Top Leaderboard, Site wide
Left Masthead
May 24, 2016
Truthdig: Drilling Beneath the Headlines
Sign up for Truthdig's Email NewsletterLike Truthdig on FacebookFollow Truthdig on TwitterSubscribe to Truthdig's RSS Feed

Truthdig Bazaar more items

Ear to the Ground
Print this item

Working for Amazon Is No Bed of Roses

Posted on Sep 25, 2011
Flickr / jurvetson

According to Forbes magazine, Amazon founder and CEO Jeff Bezos is the 30th richest person in the world, with a net worth of more than $18 billion.

Heat exhaustion, lightheadedness, dehydration and other problems afflicted employees at Amazon’s warehouses around the United States this summer, where a steady supply of low-paid temporary workers keeps the packing and shipping lines fully staffed.

Reporters with The Morning Call in Allentown, Pa., interviewed 20 current and former workers who offered a behind-the-scenes look at conditions inside the warehouses. They spoke of soaring temperatures that caused some workers to collapse, while managers threatened layoffs if they did not meet the expected production rate. Some hid pain and injuries in order to keep their jobs, which pay $11 or $12 an hour.

The workers interviewed come from a variety of backgrounds, some with years of experience at other shipping plants. Only one employee said the warehouses were a good place to work; many more said it was their worst experience ever. —ARK

The Morning Call:

The supply of temporary workers keeps Amazon’s warehouse fully staffed without the expense of a permanent workforce that expects raises and good benefits. Using temporary employees in general also helps reduce the prospect that employees will organize a union that pushes for better treatment because the employees are in constant flux, labor experts say. And Amazon limits its liability for workers’ compensation and unemployment insurance because most of the workers don’t work for Amazon, they work for the temp agency.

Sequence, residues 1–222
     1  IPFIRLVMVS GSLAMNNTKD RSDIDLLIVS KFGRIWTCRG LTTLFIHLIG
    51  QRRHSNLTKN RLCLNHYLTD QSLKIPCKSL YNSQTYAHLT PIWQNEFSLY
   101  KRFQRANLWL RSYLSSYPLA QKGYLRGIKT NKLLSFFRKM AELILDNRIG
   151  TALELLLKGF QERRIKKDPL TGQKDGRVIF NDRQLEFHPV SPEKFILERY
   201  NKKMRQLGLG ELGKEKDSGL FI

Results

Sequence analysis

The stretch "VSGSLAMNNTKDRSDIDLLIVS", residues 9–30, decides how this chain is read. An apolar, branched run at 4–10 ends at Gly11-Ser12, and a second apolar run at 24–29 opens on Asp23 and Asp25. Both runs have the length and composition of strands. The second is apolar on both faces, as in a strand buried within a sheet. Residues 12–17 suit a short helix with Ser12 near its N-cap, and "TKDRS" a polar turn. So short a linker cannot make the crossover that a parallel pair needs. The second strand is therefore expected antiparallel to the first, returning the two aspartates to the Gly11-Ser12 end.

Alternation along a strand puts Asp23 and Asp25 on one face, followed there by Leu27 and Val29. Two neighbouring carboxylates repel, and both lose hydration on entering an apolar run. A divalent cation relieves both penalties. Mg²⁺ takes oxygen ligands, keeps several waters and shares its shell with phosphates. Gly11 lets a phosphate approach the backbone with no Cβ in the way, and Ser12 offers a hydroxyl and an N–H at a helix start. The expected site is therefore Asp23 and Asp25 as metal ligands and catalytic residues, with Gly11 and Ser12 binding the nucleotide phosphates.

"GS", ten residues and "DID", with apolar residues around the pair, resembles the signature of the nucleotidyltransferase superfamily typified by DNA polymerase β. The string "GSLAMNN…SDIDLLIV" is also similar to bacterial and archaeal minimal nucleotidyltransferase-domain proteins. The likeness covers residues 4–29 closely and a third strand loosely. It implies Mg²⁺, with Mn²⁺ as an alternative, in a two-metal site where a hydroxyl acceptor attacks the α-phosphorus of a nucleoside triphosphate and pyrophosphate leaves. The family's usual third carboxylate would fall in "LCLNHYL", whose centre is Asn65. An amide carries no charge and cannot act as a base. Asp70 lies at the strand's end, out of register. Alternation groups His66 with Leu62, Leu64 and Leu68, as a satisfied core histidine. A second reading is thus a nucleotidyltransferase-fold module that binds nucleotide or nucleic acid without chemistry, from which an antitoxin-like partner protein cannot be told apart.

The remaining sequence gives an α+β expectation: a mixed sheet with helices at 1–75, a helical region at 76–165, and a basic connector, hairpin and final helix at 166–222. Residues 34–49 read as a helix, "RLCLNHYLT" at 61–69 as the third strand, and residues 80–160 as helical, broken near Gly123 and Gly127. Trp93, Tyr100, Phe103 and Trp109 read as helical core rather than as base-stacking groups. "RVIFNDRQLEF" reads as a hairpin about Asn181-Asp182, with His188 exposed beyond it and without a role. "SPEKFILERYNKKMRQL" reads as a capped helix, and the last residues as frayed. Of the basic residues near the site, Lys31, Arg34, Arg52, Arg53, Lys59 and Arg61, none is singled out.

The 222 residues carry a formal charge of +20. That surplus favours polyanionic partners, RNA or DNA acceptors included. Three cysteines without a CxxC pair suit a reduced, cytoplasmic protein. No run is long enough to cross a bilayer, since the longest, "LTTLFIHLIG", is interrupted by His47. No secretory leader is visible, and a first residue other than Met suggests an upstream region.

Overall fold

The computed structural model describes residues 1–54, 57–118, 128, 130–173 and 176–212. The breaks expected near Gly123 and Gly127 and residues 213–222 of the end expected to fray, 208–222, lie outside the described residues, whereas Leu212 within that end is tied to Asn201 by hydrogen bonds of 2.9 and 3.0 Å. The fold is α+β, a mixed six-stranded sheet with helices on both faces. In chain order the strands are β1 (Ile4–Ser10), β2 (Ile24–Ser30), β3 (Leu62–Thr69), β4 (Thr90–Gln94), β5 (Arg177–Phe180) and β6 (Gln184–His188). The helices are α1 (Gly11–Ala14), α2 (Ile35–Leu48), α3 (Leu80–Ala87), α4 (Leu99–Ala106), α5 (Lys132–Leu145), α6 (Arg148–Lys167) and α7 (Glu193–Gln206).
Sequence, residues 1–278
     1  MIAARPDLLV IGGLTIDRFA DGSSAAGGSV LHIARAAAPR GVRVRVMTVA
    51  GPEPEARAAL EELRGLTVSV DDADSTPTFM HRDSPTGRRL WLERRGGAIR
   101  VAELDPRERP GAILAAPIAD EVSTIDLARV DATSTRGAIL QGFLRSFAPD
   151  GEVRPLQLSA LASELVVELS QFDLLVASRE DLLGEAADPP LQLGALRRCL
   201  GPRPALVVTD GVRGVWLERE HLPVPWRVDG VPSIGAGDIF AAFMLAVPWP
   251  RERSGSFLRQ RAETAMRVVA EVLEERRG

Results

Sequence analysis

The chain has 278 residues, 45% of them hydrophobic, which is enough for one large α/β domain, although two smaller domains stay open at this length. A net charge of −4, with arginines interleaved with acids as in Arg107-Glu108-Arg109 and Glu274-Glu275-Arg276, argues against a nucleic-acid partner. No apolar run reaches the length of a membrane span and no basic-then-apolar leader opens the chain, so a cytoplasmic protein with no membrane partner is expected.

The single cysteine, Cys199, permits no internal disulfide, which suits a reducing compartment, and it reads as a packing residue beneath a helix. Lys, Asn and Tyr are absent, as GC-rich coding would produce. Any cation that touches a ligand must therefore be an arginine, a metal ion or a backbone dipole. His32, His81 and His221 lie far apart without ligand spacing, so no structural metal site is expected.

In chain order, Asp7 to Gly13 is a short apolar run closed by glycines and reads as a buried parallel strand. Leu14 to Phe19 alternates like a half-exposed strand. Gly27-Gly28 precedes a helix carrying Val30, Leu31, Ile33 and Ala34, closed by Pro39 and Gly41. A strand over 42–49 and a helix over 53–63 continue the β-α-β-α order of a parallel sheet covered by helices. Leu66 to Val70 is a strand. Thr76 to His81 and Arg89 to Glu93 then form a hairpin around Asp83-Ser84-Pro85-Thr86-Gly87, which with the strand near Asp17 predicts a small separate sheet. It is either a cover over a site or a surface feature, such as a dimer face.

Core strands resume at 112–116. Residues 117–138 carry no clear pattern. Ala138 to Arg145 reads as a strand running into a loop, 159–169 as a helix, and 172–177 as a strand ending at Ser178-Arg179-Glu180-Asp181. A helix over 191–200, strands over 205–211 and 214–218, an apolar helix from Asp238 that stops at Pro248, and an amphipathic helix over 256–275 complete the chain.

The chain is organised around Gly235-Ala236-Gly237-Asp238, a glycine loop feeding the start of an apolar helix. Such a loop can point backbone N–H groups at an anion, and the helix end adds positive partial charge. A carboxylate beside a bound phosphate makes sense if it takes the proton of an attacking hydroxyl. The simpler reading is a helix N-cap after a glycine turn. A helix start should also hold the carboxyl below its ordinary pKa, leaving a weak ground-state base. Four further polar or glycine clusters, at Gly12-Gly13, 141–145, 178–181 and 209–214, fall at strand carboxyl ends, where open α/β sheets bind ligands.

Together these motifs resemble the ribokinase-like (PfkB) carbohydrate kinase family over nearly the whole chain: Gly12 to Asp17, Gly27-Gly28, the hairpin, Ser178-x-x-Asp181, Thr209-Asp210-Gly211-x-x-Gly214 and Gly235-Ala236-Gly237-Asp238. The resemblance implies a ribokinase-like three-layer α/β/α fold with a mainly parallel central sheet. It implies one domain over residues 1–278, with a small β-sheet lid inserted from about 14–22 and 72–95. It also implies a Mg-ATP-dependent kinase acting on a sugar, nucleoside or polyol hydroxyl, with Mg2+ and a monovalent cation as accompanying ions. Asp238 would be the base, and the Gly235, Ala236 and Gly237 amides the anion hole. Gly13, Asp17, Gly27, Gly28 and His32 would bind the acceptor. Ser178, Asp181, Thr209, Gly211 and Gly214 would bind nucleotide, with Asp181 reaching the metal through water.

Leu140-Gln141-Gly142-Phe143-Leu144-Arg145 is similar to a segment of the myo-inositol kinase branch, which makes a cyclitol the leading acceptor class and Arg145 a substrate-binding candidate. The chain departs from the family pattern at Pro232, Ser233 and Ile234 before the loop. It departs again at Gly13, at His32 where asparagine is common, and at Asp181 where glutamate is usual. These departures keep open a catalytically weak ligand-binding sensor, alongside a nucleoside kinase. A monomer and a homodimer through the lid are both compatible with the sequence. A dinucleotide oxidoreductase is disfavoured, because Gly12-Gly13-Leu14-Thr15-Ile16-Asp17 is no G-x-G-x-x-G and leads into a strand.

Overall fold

... The situation highlights how companies like Amazon can wield their significant leverage over workers in the bleak job market, labor experts say. Large companies such as Amazon can minimize costs for benefits and raises by relying on temporary workers rather than having a larger permanent workforce, those experts say.

“They can get away with it because most workers will take whatever they can get with jobs few and far between,” said Catherine Ruckelshaus, legal co-director of the National Employment Law Project, an advocacy group for low-wage workers. “The temp worker is less likely to complain about it and less likely to push for their labor rights because they feel like they don’t have much pull or sway with the worksite employer.”

Read more

More Below the Ad


Square, Site wide

New and Improved Comments

If you have trouble leaving a comment, review this help page. Still having problems? Let us know. If you find yourself moderated, take a moment to review our comment policy.

By Ulyanov, October 1, 2011 at 8:20 am Link to this comment
(Unregistered commenter)

Our family orders many books and book downloads from Amazon. 

Unfortunately, most of us who use places like Amazon and Starbucks (also anti-union) don’t think about the conditions of people they employ.

There is an independant bookseller in the town next to us that we’ll be visiting more to buy and order our books from. Making our coffee at home in the morning is starting to look more democratic to me too (LoL).

Thanks TD for putting this out there for people to see.

P.S. to Queenie, you got that right!

Report this
Queenie's avatar

By Queenie, September 25, 2011 at 4:53 pm Link to this comment

You can see this smirking pig’s portrait on the left side of any painted doom in medieval churches. The side depicting those suffering the tortures of Hell.

This is one evil motherf**ker.

Report this
Right 1, Site wide - BlogAds Premium
Right Skyscraper, Site Wide
Right Internal Skyscraper, Site wide
Right 2, Site wide - Blogads
Join the Liberal Blog Advertising Network

Like Truthdig on Facebook